Jes Hathaway is the editor in chief of National Fisherman magazine and NationalFisherman.com.
Written by Adrianne Madden
Thursday, 12 August 2010
JHathaway2 Fishing buyouts have been a management strategy ever since the government realized the folly of its ways in encouraging any and all citizens to join the fishing fleets by subsidizing boatbuilding just when technology was tilting the playing field in favor of men in boats.
Now in the ailing Northeast, in the middle of the first season of groundfish catch shares, the U.S. Senate is proposing an aid package for fishermen and ports, including buyouts.
I have no problem with buyouts in general. What I don't want to see is failed management strategies crippling fishermen who then can't pay the bills and succumb to a buyout.
All too often when management fails, the managers go on and the fishermen go under.
The Northeast groundfish fleet is a fraction of what it once was. And you know what? That's just fine. The folks who are in it really want to be there, or they are fishermen because that's what the people in their family have done since they were citizens of a colony rather than a commonwealth.
The fact that the federal government's first attempt at revamping the management system for this fleet is causing so many of them to struggle and some to fail makes me think we ought to rethink the management, not the number of boats.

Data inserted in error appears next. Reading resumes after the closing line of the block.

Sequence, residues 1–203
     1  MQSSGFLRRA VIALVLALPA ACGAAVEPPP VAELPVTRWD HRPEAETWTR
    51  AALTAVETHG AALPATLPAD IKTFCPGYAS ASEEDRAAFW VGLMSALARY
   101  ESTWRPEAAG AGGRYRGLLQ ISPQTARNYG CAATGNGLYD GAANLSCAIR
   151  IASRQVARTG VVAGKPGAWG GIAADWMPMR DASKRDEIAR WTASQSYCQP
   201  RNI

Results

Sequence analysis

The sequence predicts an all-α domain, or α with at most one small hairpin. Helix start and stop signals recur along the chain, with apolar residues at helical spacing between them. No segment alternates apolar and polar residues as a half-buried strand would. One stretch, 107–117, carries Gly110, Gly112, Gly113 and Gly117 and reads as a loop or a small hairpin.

Let them out if they want out. But if they want to stay in the game, give them a chance to make a living at it.
NOAA recently published a proposed rule that would implement a traceability plan to help combat IUU fishing. The program would seek to trace the origins of imported seafood by setting up reporting and filing procedures for products entering the U.S.
The traceability program would collect data on harvest, landing, and chain of custody of fish and fish products that have been identified as particularly vulnerable to IUU fishing and fraud.Read more...
The following was released by the Maine Department of Marine Resources on Jan. 22:
The Maine Department of Marine Resources announced an emergency regulation that will support the continued rebuilding effort in Maine’s scallop fishery. The rule, effective January 23, 2016, will close the Muscle Ridge Area near South Thomaston and the Western Penobscot Bay Area.Read more...